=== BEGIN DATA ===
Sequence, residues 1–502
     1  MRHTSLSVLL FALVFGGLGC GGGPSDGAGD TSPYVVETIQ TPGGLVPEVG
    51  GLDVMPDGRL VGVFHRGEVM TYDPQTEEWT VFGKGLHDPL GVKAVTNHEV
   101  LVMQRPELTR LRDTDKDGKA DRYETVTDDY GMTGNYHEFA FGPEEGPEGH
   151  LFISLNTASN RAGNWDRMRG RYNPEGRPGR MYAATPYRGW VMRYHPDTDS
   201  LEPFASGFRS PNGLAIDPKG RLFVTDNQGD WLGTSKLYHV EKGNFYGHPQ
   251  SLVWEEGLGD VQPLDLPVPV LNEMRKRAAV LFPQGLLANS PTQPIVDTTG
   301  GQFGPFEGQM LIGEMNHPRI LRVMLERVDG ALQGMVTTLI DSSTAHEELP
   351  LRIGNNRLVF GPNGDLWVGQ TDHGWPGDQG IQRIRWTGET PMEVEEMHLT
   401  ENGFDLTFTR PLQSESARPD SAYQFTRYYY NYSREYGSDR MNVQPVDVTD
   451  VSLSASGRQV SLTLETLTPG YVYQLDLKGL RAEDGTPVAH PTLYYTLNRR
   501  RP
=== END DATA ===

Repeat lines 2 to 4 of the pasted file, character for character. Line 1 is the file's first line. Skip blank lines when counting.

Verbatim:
     1  MRHTSLSVLL FALVFGGLGC GGGPSDGAGD TSPYVVETIQ TPGGLVPEVG
    51  GLDVMPDGRL VGVFHRGEVM TYDPQTEEWT VFGKGLHDPL GVKAVTNHEV
   101  LVMQRPELTR LRDTDKDGKA DRYETVTDDY GMTGNYHEFA FGPEEGPEGH